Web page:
In this oppressive system, the capitalist class reigned supreme, taking advantage of workers who, lacking options and bargaining power, were left in a state of perpetual vulnerability. Their plight was further exacerbated by the absence of worker protections, a sobrering reminder of the socioeconomic disparity that underscored the wage slavery phenomenon.

The Ruling Class and Its Exploitation of Workers

Throughout history, class structure has played a pivotal role in the reinforcing of wage slavery. At the top of this hierarchy exists the ruling class, comprised of business magnates, tech giants, corporate executives, and wealthy entrepreneurs, who enjoy disproportionate wealth and influence. This elite group often profits by exploiting the labor of the working class, relegating them to subsist on less than a living wage in order to maximize their own profits and power.

This dynamic allows the ruling class to amass wealth and control, while the working class remains stuck in a cycle of poverty and powerlessness.

Traditionally, corporate entities have shown resistance towards measures designed to protect workers, such as labor unions and minimum wage laws. They prioritize the accumulation of wealth, even if it means keeping their workforce in a state of constant vulnerability. This scenario underscores the sinister relationship between the ruling class and wage slaves, demonstrating a systemic imbalance that persists to this day.

What Can Be Done About It?

This is a very difficult question. The whole system is geared to operate under the market economy, resource-based currency, consolidated control, central bank, good-old-boy aristocratic social structures that have been in place since the beginning of civilization. Not only are the systems geared to operate this way, but the human mind has also been programmed, over thousands of years, to operate under the same ideas.

What’s more, when people are presented with alternative concepts of currency, value, monetary systems, etc., they have an almost inability to grasp the possibility that there might be a different way of doing things – so deeply are they programmed by the exploitive system that has “enslaved” their minds, bodies and souls for so long. But there are alternatives to wage slavery and people can learn to understand them and make use of them – the question is whether the ruling class will allow them to.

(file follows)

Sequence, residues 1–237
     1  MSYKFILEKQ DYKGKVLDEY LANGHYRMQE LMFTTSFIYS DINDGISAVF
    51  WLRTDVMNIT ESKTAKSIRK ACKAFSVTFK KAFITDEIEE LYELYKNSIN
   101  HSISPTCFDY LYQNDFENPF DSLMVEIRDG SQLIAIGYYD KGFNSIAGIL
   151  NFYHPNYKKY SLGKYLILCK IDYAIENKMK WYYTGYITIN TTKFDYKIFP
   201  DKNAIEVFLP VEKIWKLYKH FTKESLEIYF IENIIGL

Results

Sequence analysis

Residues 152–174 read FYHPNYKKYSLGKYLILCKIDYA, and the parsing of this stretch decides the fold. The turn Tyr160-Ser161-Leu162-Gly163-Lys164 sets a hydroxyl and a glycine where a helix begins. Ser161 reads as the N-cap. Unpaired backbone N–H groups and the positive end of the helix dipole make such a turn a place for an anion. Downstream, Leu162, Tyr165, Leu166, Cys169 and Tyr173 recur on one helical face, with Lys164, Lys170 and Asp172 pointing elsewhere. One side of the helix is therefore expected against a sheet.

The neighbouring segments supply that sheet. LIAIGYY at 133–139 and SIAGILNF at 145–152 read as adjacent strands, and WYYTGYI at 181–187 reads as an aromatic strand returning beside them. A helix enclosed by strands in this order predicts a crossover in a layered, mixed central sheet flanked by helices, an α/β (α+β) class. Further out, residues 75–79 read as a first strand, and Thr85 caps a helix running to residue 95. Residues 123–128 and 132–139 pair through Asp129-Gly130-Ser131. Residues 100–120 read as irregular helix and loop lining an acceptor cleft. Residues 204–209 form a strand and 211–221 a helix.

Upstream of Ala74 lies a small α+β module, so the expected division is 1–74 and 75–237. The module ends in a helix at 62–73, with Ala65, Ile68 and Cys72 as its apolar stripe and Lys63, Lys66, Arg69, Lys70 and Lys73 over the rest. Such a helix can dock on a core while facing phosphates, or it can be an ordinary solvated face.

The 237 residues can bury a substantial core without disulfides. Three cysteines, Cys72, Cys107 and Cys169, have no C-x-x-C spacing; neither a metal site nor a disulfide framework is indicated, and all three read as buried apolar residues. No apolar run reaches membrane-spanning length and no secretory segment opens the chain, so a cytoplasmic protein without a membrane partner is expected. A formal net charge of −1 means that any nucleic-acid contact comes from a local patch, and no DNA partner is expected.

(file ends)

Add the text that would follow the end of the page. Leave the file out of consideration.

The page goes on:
Here are a few examples:




Transition Network

 Bay Area Community Exchange (BACE) is a timebank

Giving Tuesday – building stronger communities one hour at a time

The Time Banking Solution

Trade Services with a Time-Based Currency

Time Banking is Catching On

Build Your Savings and Cut Expenses with Time Banking

How To Make Life Better With Time Banking

Return to Village Living; Why Small Communities are the Survival Strategy of the Future

Live Better On Less; Adopting Minimalism

Concluding Thoughts on Wage Slavery

The insidious cycle of wage slavery is a long-standing challenge deeply woven into the fabric of human history – perpetuating power structures and power struggles. It’s essential that we collectively acknowledge this issue and proactively look for solutions together. Advocacy for equitable pay, comprehensive worker protections, and supportive economic policies are important first steps towards enabling workers to break free from the bonds of wage slavery but more needs to be done.

We need to take an active role in defining our own economic reality and future by educating ourselves about alternatives and then taking steps to make these alternatives a reality for ourselves, our families and our communities.

Ultimately, combating wage slavery is a struggle for human dignity, social justice, and the inalienable right of every person to have control over their own economic freedom and ability to provide themselves with a decent standard of living. It isn’t a revolution that needs to happen but, rather, an evolution. The old system has become obsolete, and a new system is emerging – what that new system turns out to be is up to you.